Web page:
; the film rushes through it all, expecting you to engage without necessitating the engagement. The end product is merely a thrown-together mash-up of different stories without any depth, heart, or real romance behind them. The ball certainly drops on New Year's Eve
, pun intended.
In order for character's to develop chemistry on screen they have to appear on-screen together for a long enough period of time, or be lucky enough to have instant chemistry--a very rare occurrence. New Year's Eve has a great deal of characters, and quite a few story lines all going on at once. Pack all of these characters and their respective stories into less than two hours and you are bound to suffer in the chemistry department. Such is the case with New Year's Eve. Every coupling is forced because it has to be forced given the time constraints on the individual stories. As each pairing has serious issues there are two that stand out as the worst ones, and one that is surprisingly good.
The instant romance that should have been generated between Ashton Kutcher's Randy and Lea Michele's Elise during their elevator encounter can be summed up in one poorly chosen edit on behalf of editor Michael Tronick. Near the end of their scenario Randy convinces Elise to sing, something she is not akin to doing on her own. She breaks into song in the elevator while an enamored Randy looks on--or does he? Editor Tronick should have cut away during Elise's song because you can clearly see Randy in the background sitting on the bench looking dreadfully bored and staring at his phone (praying for reception, perhaps?). So much for the romance between Elise and Randy, it is not like they had any chemistry going before this point anyways.
The lack of chemistry also plagues the most centered upon couple in the film--and one that is actually seen together on screen, something rare in New Year's Eve until the final ten minutes or so. Katherine Heigl's Laura and Jon Bon Jovi's rockstar Jensen were engaged last New Year's Eve, until he left. Here we have the tried and true couple of a romantic comedy, the exes who both dream of getting back together if they could only forgive, forget, and mature. Well, for Laura and Jensen they should forget they ever met one another and do the audience a favor and quit pretending there is a semblance of comfortableness between them or familiarity. Laura slaps Jensen twice during the film and each time is fantastic because it is the only time a glimmer of real emotion is portrayed between the two. It is also the only part between them that is entertaining. As the backbone couple of the film the casting choice for Laura and Jensen is seriously flawed, and even the over-sexed, slightly funny Sofia Vergara's Ava's constant chatter to/from them cannot save the scenes in which they appear.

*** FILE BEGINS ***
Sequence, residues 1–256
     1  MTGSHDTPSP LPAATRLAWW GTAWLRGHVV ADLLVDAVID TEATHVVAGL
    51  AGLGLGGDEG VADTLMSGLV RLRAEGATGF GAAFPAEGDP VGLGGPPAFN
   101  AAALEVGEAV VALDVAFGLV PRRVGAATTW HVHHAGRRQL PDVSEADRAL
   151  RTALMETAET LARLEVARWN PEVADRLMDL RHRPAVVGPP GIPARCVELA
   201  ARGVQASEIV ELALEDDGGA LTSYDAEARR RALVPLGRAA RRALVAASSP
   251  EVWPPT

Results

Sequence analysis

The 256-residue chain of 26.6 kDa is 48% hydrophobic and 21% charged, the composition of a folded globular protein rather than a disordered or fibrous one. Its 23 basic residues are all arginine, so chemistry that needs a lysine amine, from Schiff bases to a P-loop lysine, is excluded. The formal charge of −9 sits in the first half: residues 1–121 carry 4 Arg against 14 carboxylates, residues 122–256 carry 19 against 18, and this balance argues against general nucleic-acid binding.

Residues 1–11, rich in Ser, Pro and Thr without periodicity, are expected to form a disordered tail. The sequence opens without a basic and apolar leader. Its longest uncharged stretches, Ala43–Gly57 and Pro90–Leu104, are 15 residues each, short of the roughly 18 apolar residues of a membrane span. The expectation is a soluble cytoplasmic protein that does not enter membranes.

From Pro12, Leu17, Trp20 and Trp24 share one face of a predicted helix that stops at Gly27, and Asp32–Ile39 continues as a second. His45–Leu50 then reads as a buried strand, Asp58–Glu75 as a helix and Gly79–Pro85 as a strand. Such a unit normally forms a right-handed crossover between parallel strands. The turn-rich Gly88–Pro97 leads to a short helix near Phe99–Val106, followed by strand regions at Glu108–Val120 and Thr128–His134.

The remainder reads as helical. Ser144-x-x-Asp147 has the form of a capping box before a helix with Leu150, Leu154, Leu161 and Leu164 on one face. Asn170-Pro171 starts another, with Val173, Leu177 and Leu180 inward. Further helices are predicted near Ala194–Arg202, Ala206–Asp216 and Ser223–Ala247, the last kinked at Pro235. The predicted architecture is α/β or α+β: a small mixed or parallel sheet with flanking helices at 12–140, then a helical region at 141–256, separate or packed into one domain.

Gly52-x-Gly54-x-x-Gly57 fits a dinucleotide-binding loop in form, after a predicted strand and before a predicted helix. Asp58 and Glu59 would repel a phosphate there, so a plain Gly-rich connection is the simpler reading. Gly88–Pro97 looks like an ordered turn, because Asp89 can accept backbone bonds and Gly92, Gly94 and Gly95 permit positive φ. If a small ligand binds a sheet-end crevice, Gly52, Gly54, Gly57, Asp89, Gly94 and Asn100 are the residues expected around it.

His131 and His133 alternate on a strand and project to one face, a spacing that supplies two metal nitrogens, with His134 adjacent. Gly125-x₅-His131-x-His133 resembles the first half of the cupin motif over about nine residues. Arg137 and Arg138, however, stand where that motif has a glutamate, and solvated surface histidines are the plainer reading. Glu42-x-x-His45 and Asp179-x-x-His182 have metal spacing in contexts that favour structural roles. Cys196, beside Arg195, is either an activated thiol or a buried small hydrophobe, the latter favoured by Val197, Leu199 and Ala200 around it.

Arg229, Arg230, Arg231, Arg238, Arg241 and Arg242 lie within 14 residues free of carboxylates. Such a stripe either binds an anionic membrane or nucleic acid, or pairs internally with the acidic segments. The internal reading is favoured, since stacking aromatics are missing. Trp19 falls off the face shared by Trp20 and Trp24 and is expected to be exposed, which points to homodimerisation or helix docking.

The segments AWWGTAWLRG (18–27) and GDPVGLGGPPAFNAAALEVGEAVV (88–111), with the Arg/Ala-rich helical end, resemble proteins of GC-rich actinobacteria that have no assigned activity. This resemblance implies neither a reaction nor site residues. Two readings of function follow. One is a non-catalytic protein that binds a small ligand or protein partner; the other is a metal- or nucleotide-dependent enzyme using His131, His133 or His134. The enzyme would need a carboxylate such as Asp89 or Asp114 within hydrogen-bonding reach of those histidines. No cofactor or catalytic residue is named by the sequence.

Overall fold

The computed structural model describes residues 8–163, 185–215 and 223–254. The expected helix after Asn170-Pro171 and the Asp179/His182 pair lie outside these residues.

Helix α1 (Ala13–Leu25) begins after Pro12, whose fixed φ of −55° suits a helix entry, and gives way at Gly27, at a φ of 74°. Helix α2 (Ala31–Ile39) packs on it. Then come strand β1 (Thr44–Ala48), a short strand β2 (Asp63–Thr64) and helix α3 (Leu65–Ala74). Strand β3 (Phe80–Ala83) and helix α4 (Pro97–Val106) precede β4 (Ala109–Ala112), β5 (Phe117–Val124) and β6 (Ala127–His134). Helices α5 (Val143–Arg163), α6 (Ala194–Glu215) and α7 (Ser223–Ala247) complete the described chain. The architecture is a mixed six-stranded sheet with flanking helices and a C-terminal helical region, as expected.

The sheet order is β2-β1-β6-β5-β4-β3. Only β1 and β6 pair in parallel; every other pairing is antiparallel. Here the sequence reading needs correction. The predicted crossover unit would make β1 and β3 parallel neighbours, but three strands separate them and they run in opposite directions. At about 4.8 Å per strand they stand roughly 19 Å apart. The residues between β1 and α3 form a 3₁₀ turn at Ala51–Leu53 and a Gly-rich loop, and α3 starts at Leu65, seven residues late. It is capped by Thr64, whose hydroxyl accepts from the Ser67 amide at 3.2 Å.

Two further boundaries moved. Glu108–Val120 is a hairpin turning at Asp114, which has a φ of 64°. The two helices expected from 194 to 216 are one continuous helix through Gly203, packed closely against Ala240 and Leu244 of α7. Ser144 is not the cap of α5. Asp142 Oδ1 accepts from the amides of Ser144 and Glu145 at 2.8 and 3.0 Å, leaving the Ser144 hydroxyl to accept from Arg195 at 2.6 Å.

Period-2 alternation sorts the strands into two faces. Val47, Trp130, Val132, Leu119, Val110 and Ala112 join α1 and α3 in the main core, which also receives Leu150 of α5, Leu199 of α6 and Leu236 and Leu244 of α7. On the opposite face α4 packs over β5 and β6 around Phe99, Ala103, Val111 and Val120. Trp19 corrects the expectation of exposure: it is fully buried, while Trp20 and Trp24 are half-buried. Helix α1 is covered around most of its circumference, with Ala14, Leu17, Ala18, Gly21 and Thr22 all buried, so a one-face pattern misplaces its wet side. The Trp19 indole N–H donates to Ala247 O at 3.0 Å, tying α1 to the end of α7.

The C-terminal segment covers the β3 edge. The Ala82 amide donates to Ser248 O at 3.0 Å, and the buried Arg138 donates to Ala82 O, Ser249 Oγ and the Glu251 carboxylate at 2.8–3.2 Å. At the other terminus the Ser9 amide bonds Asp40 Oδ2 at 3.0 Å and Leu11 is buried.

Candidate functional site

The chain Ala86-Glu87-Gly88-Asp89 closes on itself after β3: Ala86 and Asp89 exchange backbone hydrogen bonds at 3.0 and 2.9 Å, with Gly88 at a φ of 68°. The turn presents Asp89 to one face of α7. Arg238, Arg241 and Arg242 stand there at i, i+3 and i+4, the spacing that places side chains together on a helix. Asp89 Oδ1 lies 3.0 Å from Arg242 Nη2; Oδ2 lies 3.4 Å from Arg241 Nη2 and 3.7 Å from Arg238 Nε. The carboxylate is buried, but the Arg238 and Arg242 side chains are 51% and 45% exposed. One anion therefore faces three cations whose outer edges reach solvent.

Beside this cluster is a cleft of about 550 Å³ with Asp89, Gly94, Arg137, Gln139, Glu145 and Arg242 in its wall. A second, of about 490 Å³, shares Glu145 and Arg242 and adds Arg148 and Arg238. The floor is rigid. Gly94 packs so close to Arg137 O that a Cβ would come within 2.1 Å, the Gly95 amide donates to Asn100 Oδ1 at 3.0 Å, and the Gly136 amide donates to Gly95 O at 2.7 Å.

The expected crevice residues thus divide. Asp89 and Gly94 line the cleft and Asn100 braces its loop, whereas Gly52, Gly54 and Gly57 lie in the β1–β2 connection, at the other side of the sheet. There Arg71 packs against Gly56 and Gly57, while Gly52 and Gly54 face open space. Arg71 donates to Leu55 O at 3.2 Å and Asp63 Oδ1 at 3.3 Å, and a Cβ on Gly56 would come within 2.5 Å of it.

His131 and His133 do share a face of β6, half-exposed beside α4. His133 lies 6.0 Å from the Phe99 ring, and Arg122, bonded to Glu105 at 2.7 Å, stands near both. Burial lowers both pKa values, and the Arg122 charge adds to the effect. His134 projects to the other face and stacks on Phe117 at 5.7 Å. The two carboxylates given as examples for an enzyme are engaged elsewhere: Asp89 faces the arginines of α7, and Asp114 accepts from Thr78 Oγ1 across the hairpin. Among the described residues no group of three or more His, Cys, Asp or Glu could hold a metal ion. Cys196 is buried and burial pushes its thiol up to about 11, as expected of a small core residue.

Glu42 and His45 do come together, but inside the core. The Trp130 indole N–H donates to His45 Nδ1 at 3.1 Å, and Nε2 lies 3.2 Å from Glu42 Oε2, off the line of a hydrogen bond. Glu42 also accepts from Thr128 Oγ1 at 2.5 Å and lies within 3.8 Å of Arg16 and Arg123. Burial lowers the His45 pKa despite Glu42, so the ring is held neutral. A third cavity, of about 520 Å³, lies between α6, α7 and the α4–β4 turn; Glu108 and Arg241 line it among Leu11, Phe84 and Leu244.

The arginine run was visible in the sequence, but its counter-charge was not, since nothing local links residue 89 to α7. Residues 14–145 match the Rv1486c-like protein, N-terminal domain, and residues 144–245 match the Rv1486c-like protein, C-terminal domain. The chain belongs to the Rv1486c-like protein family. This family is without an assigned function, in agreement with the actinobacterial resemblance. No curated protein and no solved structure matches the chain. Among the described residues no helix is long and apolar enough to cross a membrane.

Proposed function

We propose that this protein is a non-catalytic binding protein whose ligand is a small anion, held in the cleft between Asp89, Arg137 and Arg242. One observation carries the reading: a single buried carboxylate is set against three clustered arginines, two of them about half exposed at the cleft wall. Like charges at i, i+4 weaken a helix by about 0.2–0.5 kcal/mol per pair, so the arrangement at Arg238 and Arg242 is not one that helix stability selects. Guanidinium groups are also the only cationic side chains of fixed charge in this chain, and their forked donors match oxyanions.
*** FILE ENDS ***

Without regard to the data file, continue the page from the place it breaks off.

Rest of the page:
There is one coupling in the film that actually does work, that of Jessica Biel's Tess and Seth Meyer's Griffin. Their "thing" is that they are about to have a baby any day now; when they learn they will win $25,000 if they are the first parent's to deliver on New Year's Eve the competition revs up for them. This competition is bred from the other couple who are vying for the money as well, Grace (Sarah Paulson) and James (Til Schweiger). What could have been a peaceful New Year's at home before the baby arrives turns into foolish attempt after another to induce labor, like eating anchovies. Their story line may not be the freshest, or full of all that much sentiment, but it is cute and funny. You begin to yearn to see more of Tess, Griffin, Grace and James on screen while watching the other story lines because their's is simply the most enjoyable, plausible, and the start of what could be a romantic comedy all on it's own. One cannot help but think how great New Year's Eve could have been if it was about a bunch of couple's trying to give birth on New Year's--if that sounds like a stupid idea for a movie then you can imagine how idiotic the actual New Year's Eve must be to watch.